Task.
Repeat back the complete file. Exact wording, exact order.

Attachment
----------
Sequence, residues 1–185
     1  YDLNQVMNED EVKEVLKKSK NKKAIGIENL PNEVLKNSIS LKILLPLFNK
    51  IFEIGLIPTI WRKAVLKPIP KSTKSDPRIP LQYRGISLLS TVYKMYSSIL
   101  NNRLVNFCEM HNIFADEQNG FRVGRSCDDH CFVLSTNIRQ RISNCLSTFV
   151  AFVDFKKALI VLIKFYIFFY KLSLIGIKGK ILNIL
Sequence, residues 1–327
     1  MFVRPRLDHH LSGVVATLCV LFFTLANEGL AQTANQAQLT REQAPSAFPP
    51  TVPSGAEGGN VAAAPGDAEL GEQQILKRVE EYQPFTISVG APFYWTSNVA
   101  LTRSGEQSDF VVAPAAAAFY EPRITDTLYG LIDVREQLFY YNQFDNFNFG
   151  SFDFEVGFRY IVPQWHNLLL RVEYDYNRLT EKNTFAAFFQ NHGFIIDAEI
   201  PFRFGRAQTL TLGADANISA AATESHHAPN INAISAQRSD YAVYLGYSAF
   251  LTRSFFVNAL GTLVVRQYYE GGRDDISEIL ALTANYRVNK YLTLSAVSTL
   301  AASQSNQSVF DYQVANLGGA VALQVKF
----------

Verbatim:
Sequence, residues 1–185
     1  YDLNQVMNED EVKEVLKKSK NKKAIGIENL PNEVLKNSIS LKILLPLFNK
    51  IFEIGLIPTI WRKAVLKPIP KSTKSDPRIP LQYRGISLLS TVYKMYSSIL
   101  NNRLVNFCEM HNIFADEQNG FRVGRSCDDH CFVLSTNIRQ RISNCLSTFV
   151  AFVDFKKALI VLIKFYIFFY KLSLIGIKGK ILNIL
Sequence, residues 1–327
     1  MFVRPRLDHH LSGVVATLCV LFFTLANEGL AQTANQAQLT REQAPSAFPP
    51  TVPSGAEGGN VAAAPGDAEL GEQQILKRVE EYQPFTISVG APFYWTSNVA
   101  LTRSGEQSDF VVAPAAAAFY EPRITDTLYG LIDVREQLFY YNQFDNFNFG
   151  SFDFEVGFRY IVPQWHNLLL RVEYDYNRLT EKNTFAAFFQ NHGFIIDAEI
   201  PFRFGRAQTL TLGADANISA AATESHHAPN INAISAQRSD YAVYLGYSAF
   251  LTRSFFVNAL GTLVVRQYYE GGRDDISEIL ALTANYRVNK YLTLSAVSTL
   301  AASQSNQSVF DYQVANLGGA VALQVKF